The clients, digital designer John Sinclair and fashion designer Deborah Harvey are collectors of salvaged architectural artefacts and materials, and previously engaged Liddicoat & Goldhill to remodel their Victorian home in East London. In November 2011 they acquired Staple Farm, a cluster of derelict buildings near Folkestone in Kent.

Rather than demand specific spaces or programmes, their brief focused on materiality and atmosphere, and on creative re-use of the existing volumes. Our task was to combine the quality of the surviving barn fragments with the texture and tone of their found materials.

Set in an Area of Outstanding Natural Beauty, the 18th Century threshing barn, dairy and stables are a prominent feature from the North Downs Way. To maintain the barn’s brooding presence - and to provide security and a sense of protection from rolling Channel mists - the barn is usually kept in a closed state. However, industrial-scale kinetic mechanisms create openings that address key views into the countryside.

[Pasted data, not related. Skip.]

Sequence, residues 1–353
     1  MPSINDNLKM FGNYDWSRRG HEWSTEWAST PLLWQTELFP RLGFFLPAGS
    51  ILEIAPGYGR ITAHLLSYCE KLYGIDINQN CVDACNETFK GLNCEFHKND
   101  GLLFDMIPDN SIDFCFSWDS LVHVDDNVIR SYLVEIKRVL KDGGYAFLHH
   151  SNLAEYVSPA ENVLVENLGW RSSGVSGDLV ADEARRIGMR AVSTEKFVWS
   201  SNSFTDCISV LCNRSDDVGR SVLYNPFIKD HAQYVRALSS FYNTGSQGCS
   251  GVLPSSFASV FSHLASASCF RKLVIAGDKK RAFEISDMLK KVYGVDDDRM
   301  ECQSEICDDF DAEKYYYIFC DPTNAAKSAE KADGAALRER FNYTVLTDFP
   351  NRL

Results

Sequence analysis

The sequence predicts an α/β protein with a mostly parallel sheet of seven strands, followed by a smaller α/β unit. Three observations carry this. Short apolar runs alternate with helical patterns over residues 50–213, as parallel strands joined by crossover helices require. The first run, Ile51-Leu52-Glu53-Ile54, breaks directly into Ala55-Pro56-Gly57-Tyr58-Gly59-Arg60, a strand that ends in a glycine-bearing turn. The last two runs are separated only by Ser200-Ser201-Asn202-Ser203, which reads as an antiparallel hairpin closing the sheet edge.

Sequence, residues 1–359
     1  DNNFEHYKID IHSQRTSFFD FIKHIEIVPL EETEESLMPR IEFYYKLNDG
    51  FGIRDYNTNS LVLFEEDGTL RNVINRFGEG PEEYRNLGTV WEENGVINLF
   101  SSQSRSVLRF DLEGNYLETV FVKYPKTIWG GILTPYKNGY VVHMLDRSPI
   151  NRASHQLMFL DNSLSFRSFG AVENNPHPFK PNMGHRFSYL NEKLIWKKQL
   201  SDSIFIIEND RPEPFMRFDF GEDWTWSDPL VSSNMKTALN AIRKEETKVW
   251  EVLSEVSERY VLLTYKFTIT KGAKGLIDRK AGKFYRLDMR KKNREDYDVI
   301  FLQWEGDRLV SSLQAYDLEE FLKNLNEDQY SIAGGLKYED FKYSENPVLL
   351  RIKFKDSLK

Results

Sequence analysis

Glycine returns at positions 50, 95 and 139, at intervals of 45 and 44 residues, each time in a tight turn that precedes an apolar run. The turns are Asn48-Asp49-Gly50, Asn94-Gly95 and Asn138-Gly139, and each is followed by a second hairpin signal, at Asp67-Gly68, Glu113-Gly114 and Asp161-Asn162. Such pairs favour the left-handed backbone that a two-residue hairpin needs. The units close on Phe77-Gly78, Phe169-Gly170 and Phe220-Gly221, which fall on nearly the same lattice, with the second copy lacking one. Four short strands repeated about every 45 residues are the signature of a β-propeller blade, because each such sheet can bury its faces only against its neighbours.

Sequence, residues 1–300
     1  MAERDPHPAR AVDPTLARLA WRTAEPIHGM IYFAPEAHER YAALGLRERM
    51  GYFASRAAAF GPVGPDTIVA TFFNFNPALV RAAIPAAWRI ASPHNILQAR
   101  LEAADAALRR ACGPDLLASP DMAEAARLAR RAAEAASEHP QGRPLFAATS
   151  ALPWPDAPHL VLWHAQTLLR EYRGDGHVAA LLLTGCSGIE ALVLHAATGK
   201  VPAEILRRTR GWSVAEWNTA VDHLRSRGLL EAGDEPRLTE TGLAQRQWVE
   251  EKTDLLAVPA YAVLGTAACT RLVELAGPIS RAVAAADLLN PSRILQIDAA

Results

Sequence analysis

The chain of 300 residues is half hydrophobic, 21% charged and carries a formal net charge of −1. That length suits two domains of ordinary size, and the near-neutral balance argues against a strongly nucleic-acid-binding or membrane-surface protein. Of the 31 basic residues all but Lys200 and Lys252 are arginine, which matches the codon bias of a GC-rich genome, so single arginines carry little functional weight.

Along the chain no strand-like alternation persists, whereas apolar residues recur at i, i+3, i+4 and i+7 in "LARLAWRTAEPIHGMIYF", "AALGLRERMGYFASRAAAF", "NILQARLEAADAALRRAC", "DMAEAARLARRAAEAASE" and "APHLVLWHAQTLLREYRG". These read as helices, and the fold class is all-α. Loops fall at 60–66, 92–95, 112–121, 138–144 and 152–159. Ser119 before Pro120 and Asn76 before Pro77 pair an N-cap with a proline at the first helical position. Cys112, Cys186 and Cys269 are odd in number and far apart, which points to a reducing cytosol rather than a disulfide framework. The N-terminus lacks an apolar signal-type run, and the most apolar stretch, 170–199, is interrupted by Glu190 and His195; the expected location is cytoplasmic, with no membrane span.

Massive, insulated shutters recall the original barn doors, and protect a vast rotating window operated by an adapted chain-lift. To the East front, an American aircraft-hangar door allows the exterior to concertina upwards, creating a canopy over the dining terrace and revealing ribbon glazing within. A single rooflight, running the length of the main roof’s ridge provides steady ambient light to the living spaces.